MP3 Rogers and Johnson - When the Bands Played
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13 MP3 Songs in this album (42:10) !
Related styles: COUNTRY: Bluegrass, COUNTRY: Americana
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As we approach the 150th anniversary of the American Civil War, North Carolina based songwriters and performers Russell Johnson and Barney Rogers offer their new CD âWhen the Bands Playedâ. This unique album contains all original songs inspired by the emotion and spirit of the Civil War. Dynamic vocals, distinctive melodies, creative arrangements and solid performances make this CD a must for the Bluegrassers, Civil War enthusiasts as well as the casual listener. Join Rogers and Johnson as they musically reflect on âAmericaâs Greatest Tragedy and Triumphâ.
More about Rogers and Johnson
Barney Rogers is a traditional banjo player and songwriter from North Carolina. He was raised in the little community of Westover on the west of Raleigh beside the State Fairgrounds. One of the earliest memories Barney has is of the late 50âs during the week of the North Carolina State Fair. His aunt Pauline fixed hair in those days and Ms. English, the woman in charge of the fairâs folk festival would come to get her hair done. She would bring Bascam Lamar Lunsford known as the âMinstrel of the Appalachiansâ with her and he would play the banjo and sing in the parlor. This experience combined with the popularity of the Flatt & Scruggs TV shows of the day ensured that the banjo would be part of Barneyâs life. His dad got him a banjo when he was 13 and he began teaching himself to play. After graduating high school and attending college for a couple of years, Barney started work for the Wooten Company in Raleigh in 1975. There he met some folks and joined his first band. Barney started attending many of the area Blue Grass festivals in those days and became acquainted with many of the performers like Benny Martin and Josh Graves. In 1980, Barney began his career with the City of Raleigh and has been there ever since. For the last 18 years, Barney has been teaching students the basics of playing the 5 string banjo. He started teaching at Hoffmanâs Stringed Instruments in Raleigh. It was at Hoffmanâs that Barney got to know Russ. Barney has played in many local Blue Grass bands over the years including the Fat Men & Robin Band, in which Russ played the guitar. Barney has performed numerous times at the Governorâs Mansion and once gave a âbanjo lessonâ to the one and only Jim Graham, the North Carolina Commissioner of Agriculture. Governor Hunt wrote that Barneyâs music ââ¦perfectly captured the feelings of September afternoons in North Carolina.â Barney has two CD projects to his credit, âOpening Actâ and âPig Pickinâ Picksâ, both which have sold well. He has had the opportunity to record and perform with some of Blue Grass musicâs finest musicians including Rob Ickes, Wayne Benson, Jason Moore, Bobby Hicks and Roland White.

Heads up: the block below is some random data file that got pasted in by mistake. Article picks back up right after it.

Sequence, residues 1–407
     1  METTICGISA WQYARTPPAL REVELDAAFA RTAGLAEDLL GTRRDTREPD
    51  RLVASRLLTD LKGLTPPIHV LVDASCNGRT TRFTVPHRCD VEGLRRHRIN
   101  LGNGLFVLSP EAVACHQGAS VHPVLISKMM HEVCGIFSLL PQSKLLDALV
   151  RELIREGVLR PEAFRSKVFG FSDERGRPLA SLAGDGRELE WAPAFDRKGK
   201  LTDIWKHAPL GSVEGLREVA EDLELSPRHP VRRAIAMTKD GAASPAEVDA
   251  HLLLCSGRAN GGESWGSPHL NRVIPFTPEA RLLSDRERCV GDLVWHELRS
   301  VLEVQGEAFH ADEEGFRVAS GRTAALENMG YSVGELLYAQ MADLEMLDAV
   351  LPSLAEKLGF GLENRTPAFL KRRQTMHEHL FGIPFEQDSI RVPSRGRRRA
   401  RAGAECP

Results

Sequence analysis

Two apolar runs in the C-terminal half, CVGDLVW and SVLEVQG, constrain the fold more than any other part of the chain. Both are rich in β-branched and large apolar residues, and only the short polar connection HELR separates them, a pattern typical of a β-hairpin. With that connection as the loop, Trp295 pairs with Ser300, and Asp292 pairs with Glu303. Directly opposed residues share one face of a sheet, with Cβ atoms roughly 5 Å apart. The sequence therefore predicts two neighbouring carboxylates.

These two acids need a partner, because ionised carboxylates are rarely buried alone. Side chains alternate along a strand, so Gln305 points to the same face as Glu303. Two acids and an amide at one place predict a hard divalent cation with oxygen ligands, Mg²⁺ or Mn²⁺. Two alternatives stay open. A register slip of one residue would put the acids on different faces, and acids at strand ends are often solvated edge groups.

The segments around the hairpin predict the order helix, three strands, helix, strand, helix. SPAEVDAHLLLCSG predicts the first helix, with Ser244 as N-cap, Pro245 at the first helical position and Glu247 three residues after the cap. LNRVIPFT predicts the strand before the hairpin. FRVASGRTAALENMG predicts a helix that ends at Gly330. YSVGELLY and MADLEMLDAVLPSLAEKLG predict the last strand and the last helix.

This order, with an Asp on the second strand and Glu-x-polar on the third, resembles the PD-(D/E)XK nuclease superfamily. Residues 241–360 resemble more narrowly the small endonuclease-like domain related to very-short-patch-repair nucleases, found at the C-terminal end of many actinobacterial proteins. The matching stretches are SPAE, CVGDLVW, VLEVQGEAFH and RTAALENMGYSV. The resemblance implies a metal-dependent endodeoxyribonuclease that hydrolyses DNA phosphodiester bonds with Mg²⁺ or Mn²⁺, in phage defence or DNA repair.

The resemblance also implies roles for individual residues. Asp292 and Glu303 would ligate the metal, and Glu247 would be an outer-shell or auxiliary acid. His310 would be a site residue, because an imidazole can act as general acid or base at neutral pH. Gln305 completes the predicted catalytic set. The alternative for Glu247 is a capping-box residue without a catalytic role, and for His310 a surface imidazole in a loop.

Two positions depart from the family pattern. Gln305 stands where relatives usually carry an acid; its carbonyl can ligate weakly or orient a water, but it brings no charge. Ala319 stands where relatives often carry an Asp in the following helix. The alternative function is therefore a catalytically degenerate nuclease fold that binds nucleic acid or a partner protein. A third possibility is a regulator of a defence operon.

Barneyâs parents came to Raleigh from Cherokee County in western North Carolina. As a child many trips were made to the mountains to visit his Grandmother Rogers and Grandmother Dockery. Both grandmothers told the old stories of their grandfathersâ and their times in the Civil War. As Barney grew older he spent much of his spare time researching family history and the Civil War service records of his ancestors. He has discovered three great great grandfathers fought for the south and three for the north, and they all came from Cherokee County, North Carolina and the adjoining Fannin County, Georgia. Barney has visited most of the major battlefields of the Civil War, and enjoys reading and studying about the warâs great personalities such as Nathan Bedford Forrest and John Buford. Barney has had the pleasure of meeting noted Civil War historian and author Shelby Foote and enjoys attending the Raleigh Civil War Roundtable.